What Is Securities Fraud?

Illionois defense attorney,  Illinois criminal defense lawyerThere are many types of fraud that are classified as federal offenses. Many of these types of fraud are self-explanatory. Mail fraud indicates fraud that used the U.S. Postal Service to carry out the act. Wire fraud uses electronics such as email or the Internet to commit fraud. Securities fraud sometimes has people questioning what it really means, particularly if they’ve been accused of it. So, what is securities fraud? Perhaps more importantly, if you’ve been charged, what penalties are you facing?

Security Fraud Defined

The term “security” is a broad term that refers to a number of different investments. Municipal bonds, corporate stocks, bank notes, and investment contracts are all considered securities. Therefore, securities fraud occurs when one person lies, cheats, steals, or deceits someone for financial gain involving a security.

Securities fraud is generally considered a white-collar crime. Although there are federal laws on the topic, states also have their own statutes pertaining to securities fraud. Most cases, however, are tried as a federal crime. The two main federal statutes involved in a securities fraud case are the Securities Act of 1933 and the Securities Exchange Act of 1934.

Types of Securities Fraud

Securities fraud can occur in a number of ways. Some ways though, are more common than others. The most common types are:

  • Misrepresentations. Securities depend on someone’s ability to predict how a security will perform in the future. When someone lies or makes false statements about how a security will perform, it is often considered securities fraud. For example, if a stockbroker made a commercial claiming that a stock was going to perform very well when they didn’t know that as fact, just to increase the sale of that stock, it is considered securities fraud.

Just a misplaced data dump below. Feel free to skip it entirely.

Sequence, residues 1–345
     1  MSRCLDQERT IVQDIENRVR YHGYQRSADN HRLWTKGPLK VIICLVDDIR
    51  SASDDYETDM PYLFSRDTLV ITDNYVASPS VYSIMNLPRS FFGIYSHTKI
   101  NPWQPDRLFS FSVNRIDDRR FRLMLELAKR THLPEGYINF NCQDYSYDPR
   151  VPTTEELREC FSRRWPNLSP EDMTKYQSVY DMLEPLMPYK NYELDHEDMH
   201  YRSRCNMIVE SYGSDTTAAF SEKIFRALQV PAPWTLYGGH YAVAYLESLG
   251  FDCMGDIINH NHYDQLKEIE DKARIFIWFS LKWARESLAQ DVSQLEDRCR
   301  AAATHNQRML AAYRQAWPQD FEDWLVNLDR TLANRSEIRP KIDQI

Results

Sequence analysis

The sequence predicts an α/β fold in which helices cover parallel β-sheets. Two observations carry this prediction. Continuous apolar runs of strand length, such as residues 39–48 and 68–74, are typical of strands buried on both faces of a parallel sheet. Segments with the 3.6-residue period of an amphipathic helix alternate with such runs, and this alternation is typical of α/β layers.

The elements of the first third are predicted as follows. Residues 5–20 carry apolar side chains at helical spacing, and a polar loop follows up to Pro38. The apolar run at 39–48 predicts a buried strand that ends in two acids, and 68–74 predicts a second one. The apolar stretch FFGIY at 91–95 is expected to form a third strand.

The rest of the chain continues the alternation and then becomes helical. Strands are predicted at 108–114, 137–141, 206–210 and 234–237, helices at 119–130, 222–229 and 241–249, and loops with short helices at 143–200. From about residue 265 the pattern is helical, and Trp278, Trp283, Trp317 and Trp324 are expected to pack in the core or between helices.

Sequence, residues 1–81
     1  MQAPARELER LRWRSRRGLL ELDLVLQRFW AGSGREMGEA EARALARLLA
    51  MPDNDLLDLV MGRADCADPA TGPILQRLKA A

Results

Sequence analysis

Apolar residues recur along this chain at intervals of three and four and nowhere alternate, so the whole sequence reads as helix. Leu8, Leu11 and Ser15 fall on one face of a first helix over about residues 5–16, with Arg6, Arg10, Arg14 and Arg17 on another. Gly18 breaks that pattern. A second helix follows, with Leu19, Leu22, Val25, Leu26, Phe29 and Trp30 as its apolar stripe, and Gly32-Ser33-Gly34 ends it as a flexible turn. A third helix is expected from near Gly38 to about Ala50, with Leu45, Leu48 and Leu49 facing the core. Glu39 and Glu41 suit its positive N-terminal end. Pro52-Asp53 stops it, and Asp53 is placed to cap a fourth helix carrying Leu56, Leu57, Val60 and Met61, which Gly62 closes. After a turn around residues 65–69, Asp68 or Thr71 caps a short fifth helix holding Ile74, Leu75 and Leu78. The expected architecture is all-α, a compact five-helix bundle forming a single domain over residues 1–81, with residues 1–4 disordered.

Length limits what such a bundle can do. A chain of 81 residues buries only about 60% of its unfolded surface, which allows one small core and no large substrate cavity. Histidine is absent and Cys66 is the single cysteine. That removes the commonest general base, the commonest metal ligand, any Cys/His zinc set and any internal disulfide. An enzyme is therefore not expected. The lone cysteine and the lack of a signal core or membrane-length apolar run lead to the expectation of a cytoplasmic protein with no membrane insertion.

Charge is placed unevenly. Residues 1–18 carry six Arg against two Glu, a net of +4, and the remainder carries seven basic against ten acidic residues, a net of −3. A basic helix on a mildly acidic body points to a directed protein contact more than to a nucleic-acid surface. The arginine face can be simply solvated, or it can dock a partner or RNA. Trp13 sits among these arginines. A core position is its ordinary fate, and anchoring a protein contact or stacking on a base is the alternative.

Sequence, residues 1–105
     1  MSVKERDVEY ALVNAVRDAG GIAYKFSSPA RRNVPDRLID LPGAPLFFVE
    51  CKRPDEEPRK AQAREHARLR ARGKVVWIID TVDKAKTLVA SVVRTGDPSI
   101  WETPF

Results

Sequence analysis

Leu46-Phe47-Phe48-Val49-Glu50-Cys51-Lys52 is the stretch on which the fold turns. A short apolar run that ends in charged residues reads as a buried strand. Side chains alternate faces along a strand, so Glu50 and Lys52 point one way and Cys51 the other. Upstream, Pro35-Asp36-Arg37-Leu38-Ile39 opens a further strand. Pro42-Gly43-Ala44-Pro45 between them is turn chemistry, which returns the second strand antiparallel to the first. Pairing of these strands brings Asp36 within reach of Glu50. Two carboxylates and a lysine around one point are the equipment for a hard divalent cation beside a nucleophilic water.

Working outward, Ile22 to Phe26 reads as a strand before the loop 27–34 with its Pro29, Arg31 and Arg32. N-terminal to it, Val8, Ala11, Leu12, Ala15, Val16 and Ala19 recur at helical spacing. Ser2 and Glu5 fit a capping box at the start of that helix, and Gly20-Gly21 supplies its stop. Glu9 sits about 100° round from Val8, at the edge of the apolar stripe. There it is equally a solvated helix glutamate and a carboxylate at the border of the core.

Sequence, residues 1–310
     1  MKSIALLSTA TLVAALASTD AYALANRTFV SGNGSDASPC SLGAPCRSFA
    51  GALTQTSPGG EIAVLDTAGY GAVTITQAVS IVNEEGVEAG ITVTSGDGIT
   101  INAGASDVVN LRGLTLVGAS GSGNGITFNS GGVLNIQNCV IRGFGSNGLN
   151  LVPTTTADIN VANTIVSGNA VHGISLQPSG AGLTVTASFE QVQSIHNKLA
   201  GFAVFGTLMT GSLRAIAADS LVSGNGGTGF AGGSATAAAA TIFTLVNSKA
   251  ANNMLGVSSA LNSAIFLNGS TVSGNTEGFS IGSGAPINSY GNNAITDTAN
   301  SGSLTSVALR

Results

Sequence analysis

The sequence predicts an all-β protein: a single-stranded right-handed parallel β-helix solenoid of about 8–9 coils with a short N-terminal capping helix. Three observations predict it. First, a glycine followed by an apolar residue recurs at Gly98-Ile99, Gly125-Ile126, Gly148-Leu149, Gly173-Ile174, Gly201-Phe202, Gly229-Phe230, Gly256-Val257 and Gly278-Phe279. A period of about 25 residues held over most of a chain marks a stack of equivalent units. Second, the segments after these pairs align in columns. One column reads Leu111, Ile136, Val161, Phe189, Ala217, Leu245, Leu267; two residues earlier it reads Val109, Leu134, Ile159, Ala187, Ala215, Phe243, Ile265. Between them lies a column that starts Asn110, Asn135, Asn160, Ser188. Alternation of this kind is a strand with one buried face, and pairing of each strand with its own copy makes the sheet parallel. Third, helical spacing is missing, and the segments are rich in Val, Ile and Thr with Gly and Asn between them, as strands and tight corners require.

• Insider Trading. Insider trading is the opposite of misrepresentations. When a person is associated with a company involved in securities, such as one that is on the stock market, leaks insider information that isn’t available to the public, this is considered insider trading. If the information is not publicly available, those in the company are not allowed to release that information. Those in a company are not legally allowed to release confidential information that could affect the securities related to that company.
  • Churning. The act of churning involves pressuring one person to invest an excessive amount of money into one security, for the sole purpose of the broker making more money off fees and commissions. This is also securities fraud.

Penalties for Securities Fraud

In the United States, securities fraud is taken very seriously. A conviction may result in a maximum of five years in a federal prison or fines between $10,000 and $5 million. In addition, most convictions will include a sentence that the defendant must pay restitution to any victim including investors, employees, and clients.

In addition to this, victims of securities fraud may also file a civil lawsuit against the defendant. While a sentence during a criminal trial may require that restitution is paid, this is typically only for the amount defrauded. A civil lawsuit can provide for other damages, as well.

Have You Been Charged with Federal Fraud? Contact an Illinois Federal Criminal Defense Attorney

Any type of federal crime is extremely serious. Anyone convicted needs the help of a skilled Chicago federal criminal defense attorney. If you have been charged with securities fraud or any other federal crime, contact the Law Offices of Hal M. Garfinkel at 312-270-0999. We will fight for your rights and help you build a solid defense so you have a better chance of retaining your freedom. Call us today or fill out our online form for your free consultation.

Sources:

http://legcounsel.house.gov/Comps/Securities%20Act%20Of%201933.pdf

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